Eggshell paint, while not as resistant, can still be used in these areas if properly primed and sealed.

Q. How many coats of eggshell or semi-gloss paint will I need?

  A: The number of coats required will depend on the color of the paint, the color of the existing wall, and the type of paint.

Generally, two coats are standard for both types of finish, but a darker color over a light one, or vice versa, may require additional coats.

Q. Is there a significant difference in drying times between eggshell and semi-gloss paint?

  A: Drying times can vary based on factors like brand, temperature, and humidity.

However, typically, semi-gloss paints take a bit longer to dry than eggshell paints due to their higher sheen level.

Q. Can I mix eggshell and semi-gloss paint?

  A: While it's technically possible to mix different types of paint, it's not generally recommended as the resulting finish can be unpredictable.

If you want a sheen level between eggshell and semi-gloss, it would be better to look for a satin finish paint.

Q. Is it harder to touch up eggshell or semi-gloss paint?

  A: Touching up semi-gloss paint can be more challenging because the higher sheen can make the touched-up spots more noticeable.

Eggshell paint, due to its lower sheen level, tends to be easier to touch up.


Choosing between eggshell and semi-gloss paint ultimately comes down to the specific needs of your space and the look you're aiming for.

Understanding the properties of each will help guide you to the perfect finish for your painting project.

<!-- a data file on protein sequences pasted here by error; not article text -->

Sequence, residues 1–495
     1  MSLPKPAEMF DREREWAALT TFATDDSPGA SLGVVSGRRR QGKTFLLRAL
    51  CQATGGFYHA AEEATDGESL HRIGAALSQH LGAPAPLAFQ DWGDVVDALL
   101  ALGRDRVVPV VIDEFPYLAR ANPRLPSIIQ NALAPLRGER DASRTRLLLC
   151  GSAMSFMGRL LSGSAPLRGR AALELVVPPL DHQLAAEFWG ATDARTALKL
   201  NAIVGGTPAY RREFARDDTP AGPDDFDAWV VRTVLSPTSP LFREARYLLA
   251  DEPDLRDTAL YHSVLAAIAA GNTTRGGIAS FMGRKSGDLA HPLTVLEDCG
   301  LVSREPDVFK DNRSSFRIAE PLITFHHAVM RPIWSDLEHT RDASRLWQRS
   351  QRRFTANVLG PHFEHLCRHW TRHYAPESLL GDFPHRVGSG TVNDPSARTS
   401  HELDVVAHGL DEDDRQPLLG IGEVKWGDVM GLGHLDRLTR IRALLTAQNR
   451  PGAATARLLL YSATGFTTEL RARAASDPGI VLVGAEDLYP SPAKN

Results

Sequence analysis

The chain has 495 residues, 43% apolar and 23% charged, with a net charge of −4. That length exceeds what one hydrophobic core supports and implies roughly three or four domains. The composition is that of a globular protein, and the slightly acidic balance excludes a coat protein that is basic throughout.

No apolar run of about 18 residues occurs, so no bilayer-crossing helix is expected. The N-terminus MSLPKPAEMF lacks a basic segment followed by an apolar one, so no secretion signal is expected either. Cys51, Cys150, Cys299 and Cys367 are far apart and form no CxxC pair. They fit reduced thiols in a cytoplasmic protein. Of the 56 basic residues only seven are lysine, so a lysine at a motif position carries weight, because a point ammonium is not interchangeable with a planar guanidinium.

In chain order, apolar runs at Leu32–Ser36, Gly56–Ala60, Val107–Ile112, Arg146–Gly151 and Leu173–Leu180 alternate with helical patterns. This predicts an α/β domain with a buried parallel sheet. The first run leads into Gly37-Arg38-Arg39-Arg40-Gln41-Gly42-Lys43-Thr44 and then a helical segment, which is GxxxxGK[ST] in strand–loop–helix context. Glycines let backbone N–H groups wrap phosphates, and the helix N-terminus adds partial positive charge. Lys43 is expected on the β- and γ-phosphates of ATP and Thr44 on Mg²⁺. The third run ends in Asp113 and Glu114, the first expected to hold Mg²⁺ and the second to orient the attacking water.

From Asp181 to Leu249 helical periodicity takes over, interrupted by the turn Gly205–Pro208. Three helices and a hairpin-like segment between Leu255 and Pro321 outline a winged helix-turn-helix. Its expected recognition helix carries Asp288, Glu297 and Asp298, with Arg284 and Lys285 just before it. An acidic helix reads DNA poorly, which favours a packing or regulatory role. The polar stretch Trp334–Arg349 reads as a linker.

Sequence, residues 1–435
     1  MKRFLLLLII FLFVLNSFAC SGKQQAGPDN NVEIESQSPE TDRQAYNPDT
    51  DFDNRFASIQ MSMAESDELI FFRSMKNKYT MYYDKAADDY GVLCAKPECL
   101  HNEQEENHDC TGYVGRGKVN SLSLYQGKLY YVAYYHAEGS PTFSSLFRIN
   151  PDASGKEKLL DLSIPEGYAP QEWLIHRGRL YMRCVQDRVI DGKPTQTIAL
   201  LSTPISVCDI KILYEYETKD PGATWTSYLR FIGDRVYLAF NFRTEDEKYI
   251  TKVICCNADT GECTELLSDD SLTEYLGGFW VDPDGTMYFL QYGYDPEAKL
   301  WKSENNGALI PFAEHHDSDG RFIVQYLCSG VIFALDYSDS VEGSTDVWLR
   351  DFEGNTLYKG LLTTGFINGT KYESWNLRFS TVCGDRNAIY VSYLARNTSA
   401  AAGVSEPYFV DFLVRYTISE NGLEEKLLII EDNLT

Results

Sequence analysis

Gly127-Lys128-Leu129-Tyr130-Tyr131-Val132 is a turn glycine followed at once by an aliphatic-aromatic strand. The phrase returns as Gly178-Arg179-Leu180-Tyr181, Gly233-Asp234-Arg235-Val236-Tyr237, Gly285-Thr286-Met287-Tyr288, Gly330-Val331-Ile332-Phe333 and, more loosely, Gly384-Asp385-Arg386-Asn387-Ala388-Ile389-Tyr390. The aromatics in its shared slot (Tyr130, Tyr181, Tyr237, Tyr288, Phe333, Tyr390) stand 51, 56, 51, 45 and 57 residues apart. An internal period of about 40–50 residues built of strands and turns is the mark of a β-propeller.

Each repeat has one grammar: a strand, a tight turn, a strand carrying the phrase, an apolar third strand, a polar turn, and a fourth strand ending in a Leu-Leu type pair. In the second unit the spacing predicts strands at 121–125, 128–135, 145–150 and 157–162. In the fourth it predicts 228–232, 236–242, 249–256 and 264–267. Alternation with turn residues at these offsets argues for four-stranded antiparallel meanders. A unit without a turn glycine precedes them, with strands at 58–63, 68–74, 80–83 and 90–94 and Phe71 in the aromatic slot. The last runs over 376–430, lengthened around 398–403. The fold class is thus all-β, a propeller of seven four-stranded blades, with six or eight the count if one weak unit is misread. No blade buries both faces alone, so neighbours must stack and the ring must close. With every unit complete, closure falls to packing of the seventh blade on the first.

As always, preparation is key, so take the time to ensure your surfaces are smooth and ready for painting.

If you're still unsure, consider purchasing small samples of each finish.

Apply them to a small section of the wall and observe how they look at different times of day and under different lighting conditions.

This way, you can get a real sense of how each finish will look in your space.

Remember that painting isn't just about color; the finish can significantly influence the overall aesthetic and functionality of your space.

So, whether you're leaning towards the understated sophistication of eggshell or the robust shine of semi-gloss, make sure it aligns with both your practical needs and design vision.

I hope this guide has been useful in explaining the pros and cons of eggshell and semi-gloss paint.

As always, happy painting, and don't hesitate to get in touch if you have any more questions!

Suggested Products:

Eggshell Paints:

  1. Benjamin Moore Regal Select Eggshell: This is a high-quality, durable, and easy-to-apply paint. It offers excellent coverage and a smooth, subtle sheen that's characteristic of eggshell paints.
  2. Sherwin-Williams Duration Home Interior Acrylic Latex (Eggshell): This paint is known for its impressive durability and stain resistance. It's a great choice for rooms that see a lot of traffic.
  3. Behr Premium Plus Ultra Eggshell Enamel: This paint and primer in one provides excellent coverage and a durable finish that's easy to clean. It's also a low-VOC (Volatile Organic Compounds) paint.

Semi-Gloss Paints:

  1. Valspar Signature Semi-Gloss Paint: This paint offers a sleek, radiant sheen that's characteristic of semi-gloss paints. It's highly durable and provides excellent scrubbability, making it ideal for high-traffic areas and trim.
  2. Benjamin Moore Aura Waterborne Interior Paint (Semi-Gloss): This is a high-performance, durable paint that resists mildew, stains, and moisture. It's great for bathrooms, kitchens, or any area where moisture and heavy use are factors.
  3. Behr Marquee Interior Semi-Gloss Enamel: This is a highly durable, stain-resistant paint that's perfect for high-traffic areas. It offers a radiant, sleek appearance and excellent coverage.

About the author 

Bob Thomas

A fully certified interior decorator and house painter , Bob Thomas brings immense expertise and knowledge amassed from many years of hands-on experience with residential, commercial and specialty painting and decorating projects of all sizes and scopes.